Are humans smarter than yeast? This question, once posed in jest, is increasingly asked in earnest by those concerned about population growth and diminishing natural resources. It’s the title of an eight minute YouTube video by Dan Chay, but Dave Bice explains its meaning more concisely: “Yeast growing in grape juice provide a good example of overshoot and collapse behavior. The yeast go after the sugar in the juice and in the process of metabolizing that sugar, they produce alcohol and carbon dioxide. As they consume the sugar, they also reproduce and their reproductive rate is dependent on the availability of food. Within a few days, at room temperature, the yeast population soars and the juice is bubbling from the release of so much CO2. But, the alcohol is a pollutant as far as the yeast are concerned and as their population rises, so does the level of alcohol. If there is enough sugar in the juice, the yeast will eventually produce so much alcohol that they start to die off rapidly and as the sugar reservoir is depleted, their reproductive rates plummet, leading to a total collapse of the population. So, in turning the juice into wine, the gluttonous, know-no-restraint yeast do themselves in.”
Dr. Bice is on the faculty of Penn State University. He offers the above as one of his “General Models of Population Dynamics.” He describes other models in which population and resources are balanced and stable, but the “Overshoot and Collapse” model seems to best represent human civilization. Although Dr. Bice teaches earth sciences, he includes population dynamics because “the growing human population is the root cause of all the environmental problems — if we care about the future well-being of our planet and our environment, we cannot ignore the dynamics of the human population. To worry about environmental problems while ignoring the population problem is like treating the symptoms of a disease without ever trying to find a cure. This disease that is population growth has the potential to make our future a very unpleasant one.”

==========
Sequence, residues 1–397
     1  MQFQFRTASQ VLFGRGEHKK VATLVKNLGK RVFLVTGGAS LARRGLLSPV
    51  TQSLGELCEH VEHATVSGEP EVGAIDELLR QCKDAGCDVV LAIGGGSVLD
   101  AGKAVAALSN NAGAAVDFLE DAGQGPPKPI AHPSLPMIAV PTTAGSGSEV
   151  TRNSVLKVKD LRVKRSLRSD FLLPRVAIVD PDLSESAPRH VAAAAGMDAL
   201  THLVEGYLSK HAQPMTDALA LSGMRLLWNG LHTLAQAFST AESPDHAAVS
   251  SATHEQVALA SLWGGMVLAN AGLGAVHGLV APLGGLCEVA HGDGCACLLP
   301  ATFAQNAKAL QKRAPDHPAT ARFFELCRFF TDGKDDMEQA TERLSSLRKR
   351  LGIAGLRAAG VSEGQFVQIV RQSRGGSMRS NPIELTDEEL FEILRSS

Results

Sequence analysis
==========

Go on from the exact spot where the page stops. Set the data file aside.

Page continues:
We live on a small planet with limited resources. Our population has more than tripled, from just over two billion to nearly seven billion, in the average lifespan of one individual, about 65 years. During that period we have severely depleted natural resources, befouled the air, contaminated the water, and otherwise exhausted and despoiled the ecosystem on which we depend for life. So I ask again, are humans smarter than yeast?